First, he giveth us a stock, to prove our husbandry, and then if we thrive with that, he doth add more unto it, now a little, and then a little, until at last the inheritance come too. As they which try a vessel, first put water into it, to see whether it will hold water, then they commit wine into it; so, first, God giveth us one grace; if we use that well, then he giveth another, and another, and another; according to that, "He which is found faithful in a little, shall be made lord over much." Thou shalt have a love to hear, read, and meditate: after thou shalt have a little knowledge to judge and speak of God's Word, of the Spirit, and of doctrines; then thou shalt ascend to faith, which will bring thee unto peace of conscience; then thou shalt meet with good books, and God will send thee teachers to instruct thee, and encourage thee, like the angels which came to Christ when He hungered. Thus a traveller passeth from town unto town, until he come to his inn; so a Christian passeth from virtue to virtue, until he come to heaven, which is the journey that every man must endeavour to go till death. Christ saith not, It shall be taken from them which have, but from them which "seem to have."

(H. Smith.)

Those to whom the gospel is preached must take heed how they hear; take heed as to the act, matter, manner.

1. As to the act: Take heed that ye hear. This is implied, and necessarily supposed.

2. As to the objector matter: So take heed what ye hear. How with Luke is what with Mark.

3. As to the manner: How. This is principally intended, though the other be necessary. It is in vain to hear, in vain to hear that which is good, except we hear it well. The manner being principally intended, I shall principally insist on it.I need not go far for reasons; this chapter affords abundance.

1. Few hear well. There are not many good hearers; the most miscarry; therefore there is need to take heed. Of four sorts of hearers in the parable, three are naught but one good.

2. There are many enemies to oppose, and many impediments to hinder you in hearing.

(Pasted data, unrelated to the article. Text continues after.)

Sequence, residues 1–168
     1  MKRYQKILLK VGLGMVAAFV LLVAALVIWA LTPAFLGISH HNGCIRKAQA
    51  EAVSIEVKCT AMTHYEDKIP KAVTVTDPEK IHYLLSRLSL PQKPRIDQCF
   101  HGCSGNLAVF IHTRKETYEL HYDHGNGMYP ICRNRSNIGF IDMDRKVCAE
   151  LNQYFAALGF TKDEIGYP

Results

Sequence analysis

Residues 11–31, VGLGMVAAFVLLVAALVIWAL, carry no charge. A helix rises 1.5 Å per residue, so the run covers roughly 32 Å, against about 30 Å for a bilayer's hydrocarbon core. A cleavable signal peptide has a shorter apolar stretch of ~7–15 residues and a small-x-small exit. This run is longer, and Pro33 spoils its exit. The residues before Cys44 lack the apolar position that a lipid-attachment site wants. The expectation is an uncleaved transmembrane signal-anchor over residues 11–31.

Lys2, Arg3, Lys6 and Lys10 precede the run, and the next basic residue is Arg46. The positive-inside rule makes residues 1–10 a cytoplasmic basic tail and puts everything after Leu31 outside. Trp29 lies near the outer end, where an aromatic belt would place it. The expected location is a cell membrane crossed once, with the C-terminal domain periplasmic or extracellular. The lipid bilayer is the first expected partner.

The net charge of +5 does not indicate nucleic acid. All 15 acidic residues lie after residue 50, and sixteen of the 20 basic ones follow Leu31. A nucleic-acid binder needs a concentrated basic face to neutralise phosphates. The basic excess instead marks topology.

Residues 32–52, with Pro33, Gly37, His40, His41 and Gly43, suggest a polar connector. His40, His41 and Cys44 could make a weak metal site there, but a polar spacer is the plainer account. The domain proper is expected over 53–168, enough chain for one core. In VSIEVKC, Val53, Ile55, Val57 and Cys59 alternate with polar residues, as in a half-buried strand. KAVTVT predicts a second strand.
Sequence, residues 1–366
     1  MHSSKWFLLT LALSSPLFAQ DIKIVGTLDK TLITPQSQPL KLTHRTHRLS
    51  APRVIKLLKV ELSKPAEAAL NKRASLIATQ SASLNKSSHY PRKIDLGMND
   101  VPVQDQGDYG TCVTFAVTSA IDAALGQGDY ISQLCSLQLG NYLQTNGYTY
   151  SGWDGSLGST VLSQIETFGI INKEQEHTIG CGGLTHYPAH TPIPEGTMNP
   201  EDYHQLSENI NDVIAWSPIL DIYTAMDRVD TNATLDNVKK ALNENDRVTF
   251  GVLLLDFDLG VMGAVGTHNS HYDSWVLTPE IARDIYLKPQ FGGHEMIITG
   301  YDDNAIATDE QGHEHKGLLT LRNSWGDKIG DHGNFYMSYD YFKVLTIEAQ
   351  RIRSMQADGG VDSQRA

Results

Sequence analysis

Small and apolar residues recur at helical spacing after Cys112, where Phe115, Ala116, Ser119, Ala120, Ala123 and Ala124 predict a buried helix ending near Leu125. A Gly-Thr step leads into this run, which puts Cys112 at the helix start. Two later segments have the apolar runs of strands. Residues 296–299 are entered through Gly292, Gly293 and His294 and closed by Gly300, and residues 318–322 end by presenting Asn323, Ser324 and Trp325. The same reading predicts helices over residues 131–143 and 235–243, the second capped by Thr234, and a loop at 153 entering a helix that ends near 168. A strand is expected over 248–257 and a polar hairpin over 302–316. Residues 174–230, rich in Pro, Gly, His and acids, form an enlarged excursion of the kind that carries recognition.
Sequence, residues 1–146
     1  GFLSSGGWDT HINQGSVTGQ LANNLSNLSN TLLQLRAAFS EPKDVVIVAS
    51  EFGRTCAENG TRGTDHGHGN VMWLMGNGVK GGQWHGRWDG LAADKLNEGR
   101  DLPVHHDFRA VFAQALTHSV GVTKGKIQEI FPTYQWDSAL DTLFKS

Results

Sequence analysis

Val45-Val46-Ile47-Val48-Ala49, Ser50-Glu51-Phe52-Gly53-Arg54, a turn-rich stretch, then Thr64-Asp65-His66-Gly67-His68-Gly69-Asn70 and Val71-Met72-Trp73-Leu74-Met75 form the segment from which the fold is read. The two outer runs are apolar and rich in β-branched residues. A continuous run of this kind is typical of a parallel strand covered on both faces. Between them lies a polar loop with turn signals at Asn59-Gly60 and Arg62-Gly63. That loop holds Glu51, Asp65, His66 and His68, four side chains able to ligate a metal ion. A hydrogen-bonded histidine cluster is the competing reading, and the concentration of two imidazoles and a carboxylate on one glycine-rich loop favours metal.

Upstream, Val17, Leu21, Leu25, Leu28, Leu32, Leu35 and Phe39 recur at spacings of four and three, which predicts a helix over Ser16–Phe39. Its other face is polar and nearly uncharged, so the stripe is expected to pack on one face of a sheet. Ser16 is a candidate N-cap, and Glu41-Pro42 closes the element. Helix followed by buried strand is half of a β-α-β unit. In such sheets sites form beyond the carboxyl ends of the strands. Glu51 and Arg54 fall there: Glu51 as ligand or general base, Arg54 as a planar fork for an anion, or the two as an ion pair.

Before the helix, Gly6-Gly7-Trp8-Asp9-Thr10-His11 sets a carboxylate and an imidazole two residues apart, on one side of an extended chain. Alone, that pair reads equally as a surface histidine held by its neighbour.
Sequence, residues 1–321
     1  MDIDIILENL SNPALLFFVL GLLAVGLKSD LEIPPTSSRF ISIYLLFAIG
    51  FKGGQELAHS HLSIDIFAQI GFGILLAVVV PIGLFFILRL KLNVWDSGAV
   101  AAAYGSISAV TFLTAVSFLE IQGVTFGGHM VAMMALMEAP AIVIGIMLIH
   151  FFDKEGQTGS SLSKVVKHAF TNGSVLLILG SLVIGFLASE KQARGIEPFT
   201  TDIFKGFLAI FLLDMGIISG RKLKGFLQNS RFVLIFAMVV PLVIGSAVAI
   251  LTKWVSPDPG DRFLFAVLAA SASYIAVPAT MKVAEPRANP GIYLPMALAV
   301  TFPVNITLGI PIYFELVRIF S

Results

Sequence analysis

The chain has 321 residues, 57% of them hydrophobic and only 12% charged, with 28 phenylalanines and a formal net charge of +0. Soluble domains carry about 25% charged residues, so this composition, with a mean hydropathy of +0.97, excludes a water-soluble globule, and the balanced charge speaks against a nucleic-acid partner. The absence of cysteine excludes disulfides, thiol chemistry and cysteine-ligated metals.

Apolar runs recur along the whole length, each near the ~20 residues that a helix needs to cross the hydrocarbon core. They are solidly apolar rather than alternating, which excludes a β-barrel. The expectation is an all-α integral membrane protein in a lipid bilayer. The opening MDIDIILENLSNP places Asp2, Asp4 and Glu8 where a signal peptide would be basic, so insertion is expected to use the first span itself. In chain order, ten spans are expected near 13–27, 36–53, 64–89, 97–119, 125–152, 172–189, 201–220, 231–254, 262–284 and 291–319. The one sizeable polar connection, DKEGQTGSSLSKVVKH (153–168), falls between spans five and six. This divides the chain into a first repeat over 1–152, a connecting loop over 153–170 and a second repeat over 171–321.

3. The advantage or disadvantage (Mark 4:24, 25). According as you measure to God in hearing, so will He measure to you in blessing or cursing.

4. The gospel, according as it is heard, is a great mercy or a great judgment, a blessing or a curse, therefore great reason to take heed. The abuse of the greatest mercy may curse it.

5. It is that by which you must be judged at the last day — Judge, &c., according to this gospel (Romans 2:16; John 12:48). If we neglect, we shall never taste of Christ. The children of the kingdom shall be cast out. It will be with you in this nation, and this place, as with the Jews — He turned from them to the Gentiles. He will take Christ and the gospel from you and give it to others; and when the gospel is gone, then look for destruction and desolation.The Lord convince you of the sinfulness of this sin!

1. It is a high contempt of God, of Christ. Contempt is the highest degree of dishonour; God is jealous of this.

2. If you will not hear God now, God will not hear you in the time of distress, though you may make many prayers (Isaiah 1:15). He will send you to the gods whom ye have served.

3. Consider the state of the damned, those who, for neglecting the light, are cast into outer darkness. Use

II. Exhortation to this duty. It is a duty of Christ's enjoining, and to His disciples. To further the practice of it, I shall

(1)remove impediments that hinder;

(2)prescribe means to facilitate and direct.

1. The impediments are ignorance, contempt, distractions, prejudice, obduration, bad ends or principles. Distractions: Wanderings, rovings of mind, will, affections, senses, caused by the cares of the world and lusts of the flesh; carefulness of other things makes careless of the Word. It is hard to hit a moving object, a bird in flight; as well, to as much purpose, sow the waves in a tempest, or cast seed upon branches tossed with the wind, as preach to a distracted, wandering hearer; nothing fixes, sinks, abides; his soul is like a highway, every man or beast has free passage. The remedy is to fix your whole soul on God. Prejudice: An ill conceit of the gospel; the matter, or the manner of delivery, plainness, simplicity; or ministers, their persons, conversation, office, or execution of it. To remove it, consider there is no reason, no room for prejudice against the gospel; those that despise it never saw its glory, nor tasted its sweetness — "If our gospel be hid, it is hid to them that are lost" (2 Corinthians 4:3). Shall we think worse of the sun because a blind man speaks against it, because an owl cannot behold it? and for ministers, there is glory enough in the gospel to gild them, how mean soever.